SERVICE BULLETIN

    Subject: Replacement of torsion axle.
    Application: Torsion axle trailers.
    Condition: Rubber suspension element failure allowing trailer tire to contact
    fender.

    Tools Required: Air wrench; torque wrench; Ύ” socket (for lug nuts); 15/16”
    socket and wrench (for axle trailing arm and axle mounting bolts); 3/8” flair
    wrench (for brake lines); floor jack; jack stands.
    If any trailer tire has significantly less fender clearance when compared to the
    other trailer tire(s), axle will have to be replaced.

    To Remove Axle:
    Step 1: Jack up trailer and set on jack stands such that the tires and wheels and
    the defective trailer axle can be removed.
    Step 2: Remove tires and wheels, setting aside the lug nuts, which will be reused.
    Step 3: Remove 5/8” bolt and nut from each axle trailing arm using the 15/16”
    socket and wrench. The bolt must be completely removed. Slide the trailing arm
    off of the splined axle shaft. (Note: If the trailing arm is hard to remove, insert a
    wedge, such as a screwdriver, into the slot of the trailing arm to spread it open
    for easier removal).
    Step 4: Carefully hang the trailing arm from the trailer frame using a wire tie or
    rope. Be careful to not stress the brake line or brake hose.
    Step 5: Remove the (4) 5/8” bolts and nuts that attach the axle to the trailer frame
    using the 15/16” socket and wrench. Slide axle down to clear trailer frame
    brackets and remove.

    To Replace Axle:
    Step 1: Install axle and bolt into the trailer frame brackets. (Note: The axle
    mounting bracket is not centered over the square axle tube. The long part of the
    mounting bracket should be facing toward the rear of the trailer). Torque the (4)
    5/8” bolts and nuts to 150 ft.-lbs.
    Step 2: On BoatMate ski boat trailers, there are only two trailing arm positions
    used. The only axle that is set to 24 (+/- 2) degrees below horizontal will be a
    single axle that has a 15” wheel and five lugs. All other single axles (14” 5-lug
    and 15” 6-lug) and all tandem axles are set to 18 (+/-2) degrees below horizontal.
    Each spline on the shaft moves the trailing arm angle by 6 degrees. If an angle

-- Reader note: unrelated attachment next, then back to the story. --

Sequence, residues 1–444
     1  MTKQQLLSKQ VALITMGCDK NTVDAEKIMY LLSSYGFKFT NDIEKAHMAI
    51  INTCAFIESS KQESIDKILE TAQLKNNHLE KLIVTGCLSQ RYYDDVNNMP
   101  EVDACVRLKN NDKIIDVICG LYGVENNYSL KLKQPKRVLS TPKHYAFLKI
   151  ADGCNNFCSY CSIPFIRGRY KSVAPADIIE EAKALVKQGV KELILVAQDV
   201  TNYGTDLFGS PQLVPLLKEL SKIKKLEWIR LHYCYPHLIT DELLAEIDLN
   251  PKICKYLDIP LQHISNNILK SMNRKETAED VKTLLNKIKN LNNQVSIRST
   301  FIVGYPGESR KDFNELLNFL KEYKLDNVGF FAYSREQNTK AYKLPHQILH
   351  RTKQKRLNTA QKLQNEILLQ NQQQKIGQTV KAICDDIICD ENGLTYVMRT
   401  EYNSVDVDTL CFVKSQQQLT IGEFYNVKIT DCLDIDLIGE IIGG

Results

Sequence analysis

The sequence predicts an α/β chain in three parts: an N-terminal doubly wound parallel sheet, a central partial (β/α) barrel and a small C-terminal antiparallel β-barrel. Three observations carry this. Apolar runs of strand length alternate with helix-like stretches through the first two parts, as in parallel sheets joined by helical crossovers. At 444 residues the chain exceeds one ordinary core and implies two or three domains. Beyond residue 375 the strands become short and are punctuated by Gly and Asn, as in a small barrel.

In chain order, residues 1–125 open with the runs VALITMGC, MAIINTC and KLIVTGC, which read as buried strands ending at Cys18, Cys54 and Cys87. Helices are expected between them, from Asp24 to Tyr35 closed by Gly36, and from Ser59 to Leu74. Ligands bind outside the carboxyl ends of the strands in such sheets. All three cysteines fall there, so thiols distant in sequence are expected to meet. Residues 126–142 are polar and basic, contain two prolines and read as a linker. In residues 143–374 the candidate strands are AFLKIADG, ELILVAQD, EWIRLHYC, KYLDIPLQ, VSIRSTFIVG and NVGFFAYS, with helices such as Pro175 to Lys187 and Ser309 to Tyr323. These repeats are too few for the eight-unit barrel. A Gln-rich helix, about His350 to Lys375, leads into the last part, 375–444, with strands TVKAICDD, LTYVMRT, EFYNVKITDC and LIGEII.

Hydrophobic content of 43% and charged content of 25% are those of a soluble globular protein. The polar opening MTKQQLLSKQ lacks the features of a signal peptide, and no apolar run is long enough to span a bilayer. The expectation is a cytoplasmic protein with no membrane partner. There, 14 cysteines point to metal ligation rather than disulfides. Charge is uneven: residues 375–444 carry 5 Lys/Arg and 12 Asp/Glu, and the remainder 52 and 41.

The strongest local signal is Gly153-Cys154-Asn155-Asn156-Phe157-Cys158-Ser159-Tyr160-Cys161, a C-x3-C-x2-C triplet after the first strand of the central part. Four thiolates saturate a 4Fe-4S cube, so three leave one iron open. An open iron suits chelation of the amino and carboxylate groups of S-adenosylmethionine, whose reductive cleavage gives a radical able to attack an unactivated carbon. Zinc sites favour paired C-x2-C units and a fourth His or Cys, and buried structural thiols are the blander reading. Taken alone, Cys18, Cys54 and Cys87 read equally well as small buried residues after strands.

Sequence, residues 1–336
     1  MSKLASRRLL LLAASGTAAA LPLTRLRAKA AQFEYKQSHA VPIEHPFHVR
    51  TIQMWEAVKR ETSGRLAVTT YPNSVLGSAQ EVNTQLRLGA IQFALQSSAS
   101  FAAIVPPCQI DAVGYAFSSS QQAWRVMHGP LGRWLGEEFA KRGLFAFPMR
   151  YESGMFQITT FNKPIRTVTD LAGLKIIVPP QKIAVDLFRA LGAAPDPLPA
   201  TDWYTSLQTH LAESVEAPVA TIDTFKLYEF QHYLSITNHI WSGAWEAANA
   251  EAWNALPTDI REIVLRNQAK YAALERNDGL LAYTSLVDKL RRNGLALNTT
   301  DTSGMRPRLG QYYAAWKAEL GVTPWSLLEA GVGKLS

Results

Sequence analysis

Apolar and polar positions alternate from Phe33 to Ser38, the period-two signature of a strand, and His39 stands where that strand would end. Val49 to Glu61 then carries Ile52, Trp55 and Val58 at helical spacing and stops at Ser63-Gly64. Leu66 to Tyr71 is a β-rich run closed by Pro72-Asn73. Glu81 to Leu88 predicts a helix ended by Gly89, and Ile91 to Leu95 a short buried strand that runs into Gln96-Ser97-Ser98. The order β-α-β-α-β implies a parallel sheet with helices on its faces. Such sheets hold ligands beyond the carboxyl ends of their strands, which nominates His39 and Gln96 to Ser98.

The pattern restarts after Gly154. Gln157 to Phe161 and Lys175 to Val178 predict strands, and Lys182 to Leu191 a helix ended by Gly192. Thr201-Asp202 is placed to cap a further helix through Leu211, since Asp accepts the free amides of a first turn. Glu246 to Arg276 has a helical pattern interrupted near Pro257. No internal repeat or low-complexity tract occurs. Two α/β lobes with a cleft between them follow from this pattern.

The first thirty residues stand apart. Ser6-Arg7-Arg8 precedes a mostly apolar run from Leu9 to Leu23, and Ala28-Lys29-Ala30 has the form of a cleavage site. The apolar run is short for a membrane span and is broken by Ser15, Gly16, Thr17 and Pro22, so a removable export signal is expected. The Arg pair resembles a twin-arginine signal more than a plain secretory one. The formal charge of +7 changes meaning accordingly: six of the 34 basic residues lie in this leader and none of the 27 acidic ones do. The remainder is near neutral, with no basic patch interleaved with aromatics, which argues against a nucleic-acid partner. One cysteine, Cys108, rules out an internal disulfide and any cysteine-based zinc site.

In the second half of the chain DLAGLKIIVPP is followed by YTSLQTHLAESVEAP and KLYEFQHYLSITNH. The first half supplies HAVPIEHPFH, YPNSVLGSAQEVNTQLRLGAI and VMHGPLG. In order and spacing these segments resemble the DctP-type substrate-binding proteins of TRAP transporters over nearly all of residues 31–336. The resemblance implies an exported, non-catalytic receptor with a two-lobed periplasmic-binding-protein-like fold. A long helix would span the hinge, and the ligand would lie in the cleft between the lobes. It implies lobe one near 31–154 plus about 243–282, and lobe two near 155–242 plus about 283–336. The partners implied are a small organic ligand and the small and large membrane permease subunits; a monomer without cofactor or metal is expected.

finder is available, make certain the top of the axle tube is level and position the
    trailing arm to the correct angle as shown in photo.
    On BoatMate runabout trailers, there is only one trailing arm position regardless
    of axle. This angle is 30 (+/-2) degrees below horizontal. Again, each spline on
    the shaft moves the trailing arm angle by 6 degrees.
    If angle finder is not available, position trailing arm horizontally then move down
    the correct number of splines. Move three splines for the 18 degree setting, four
    splines for the 24 degree setting and 5 splines for the 30 degree setting..
    Slide the trailing arm onto the shaft. . (Note: If you are having trouble installing
    the trailing arm, insert a wedge, such as a screwdriver, into the slot of the trailing
    arm to spread it open for easier installation). Bolt the trailing arms to the splined
    shafts using the 5/8”x 3-1/2” long bolt, washer and nylock nut. Torque bolts and
    nuts to 150 ft.-lbs.
    Step 3: (For brake axle only) Re-attach brake lines and bleed trailer brakes. This
    may not be necessary if the instructions from step for in the Removal section
    have been followed.
    Step 4: Re-install wheels and tires. (Note: If equipped, care should be taken not
    to damage the wheel plastic hub insert). Hand torque lug nuts to 95 ft.-lbs. using
    the every other bolt method.
    2006 Outback V - Gone
    2008 LSV - Gone
    2013 other brand